TEHRAN, Aug 24: Iran, the chief regional ally of Damascus, said on Saturday there is “proof” Syrian rebels used chemical weapons in their conflict with the regime of President Bashar al-Assad.

“We are very concerned about information regarding the use of chemical weapons in Syria, and we strongly condemn the use of such weapons,” foreign ministry spokesman Abbas Araqchi said, quoted by ISNA news agency.

“There is proof terrorist groups carried out this action,” Araqchi said in reference to Wednesday's allegedly deadly attacks in the Damascus area, without elaborating.

President Hassan Rouhani on Saturday also pointed to the use of chemical weapons in Syria, but without assigning blame.

“The situation prevailing in Syria today and the death of a certain number of innocent people caused by chemical weapons is very distressing,” he said, according to a government website.

Rouhani added that Iran, itself a victim of chemical attacks in its 1980-1988 war with Iraq, “totally and vigorously condemned the use of chemical weapons”.

During the conflict, chemical strikes by the Iraqi armed forces killed thousands of Iranians, particularly in civilian areas.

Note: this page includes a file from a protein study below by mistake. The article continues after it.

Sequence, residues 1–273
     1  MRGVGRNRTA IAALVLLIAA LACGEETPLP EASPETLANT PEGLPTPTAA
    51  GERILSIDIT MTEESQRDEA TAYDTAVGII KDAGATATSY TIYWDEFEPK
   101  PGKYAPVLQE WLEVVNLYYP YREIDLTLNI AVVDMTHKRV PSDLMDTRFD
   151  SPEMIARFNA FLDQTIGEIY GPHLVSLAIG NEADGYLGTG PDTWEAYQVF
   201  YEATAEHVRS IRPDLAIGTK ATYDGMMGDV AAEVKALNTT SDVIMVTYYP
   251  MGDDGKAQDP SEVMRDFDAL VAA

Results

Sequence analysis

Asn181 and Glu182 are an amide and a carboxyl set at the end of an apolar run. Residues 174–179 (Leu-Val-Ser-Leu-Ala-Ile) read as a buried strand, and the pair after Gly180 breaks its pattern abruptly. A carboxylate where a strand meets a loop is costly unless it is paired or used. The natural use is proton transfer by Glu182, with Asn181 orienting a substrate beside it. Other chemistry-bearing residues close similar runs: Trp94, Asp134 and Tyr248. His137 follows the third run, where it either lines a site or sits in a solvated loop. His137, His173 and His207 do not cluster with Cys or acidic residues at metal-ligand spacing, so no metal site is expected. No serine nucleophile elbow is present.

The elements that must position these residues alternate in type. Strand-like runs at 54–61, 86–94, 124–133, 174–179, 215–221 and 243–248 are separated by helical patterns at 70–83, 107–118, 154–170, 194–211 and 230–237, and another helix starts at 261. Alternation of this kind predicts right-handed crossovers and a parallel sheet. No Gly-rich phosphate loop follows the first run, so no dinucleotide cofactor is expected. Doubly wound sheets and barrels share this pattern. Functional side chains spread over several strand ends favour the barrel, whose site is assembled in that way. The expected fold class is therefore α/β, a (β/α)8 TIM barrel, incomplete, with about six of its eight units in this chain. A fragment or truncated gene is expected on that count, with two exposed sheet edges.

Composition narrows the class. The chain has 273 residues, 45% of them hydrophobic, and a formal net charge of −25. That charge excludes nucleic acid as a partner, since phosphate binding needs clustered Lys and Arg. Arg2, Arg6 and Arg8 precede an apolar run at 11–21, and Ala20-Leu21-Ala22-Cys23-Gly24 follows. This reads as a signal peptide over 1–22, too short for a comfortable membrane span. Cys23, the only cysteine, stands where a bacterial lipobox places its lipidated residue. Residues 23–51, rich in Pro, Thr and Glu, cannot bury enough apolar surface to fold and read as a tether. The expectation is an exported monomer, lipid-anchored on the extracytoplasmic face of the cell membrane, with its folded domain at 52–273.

Araqchi warned against any Western military intervention in Syria's 29-month conflict, after the United States suggested it was weighing up such a possibility.

“There is no international authorisation for a military intervention in Syria. We warn against any actions or statements that could create more tension in the region. I hope that White House officials show enough wisdom not to enter into such dangerous tumult,” Araqchi added.

Syria's main opposition body, the National Coalition, has accused Assad's regime of “massacring” more than 1,300 people in chemical weapons attacks on the outskirts of Damascus on Wednesday, which the regime has categorically denied.

“The provocative words of American officials or sending warships do not help to solve the problem in any way, but make the situation in the region more dangerous,” said Araqchi.

Iran is Damascus's key ally in the region, and regularly warns against boosting Sunni Muslim extremist groups linked to Al Qaeda that are fighting in the country.—AFP

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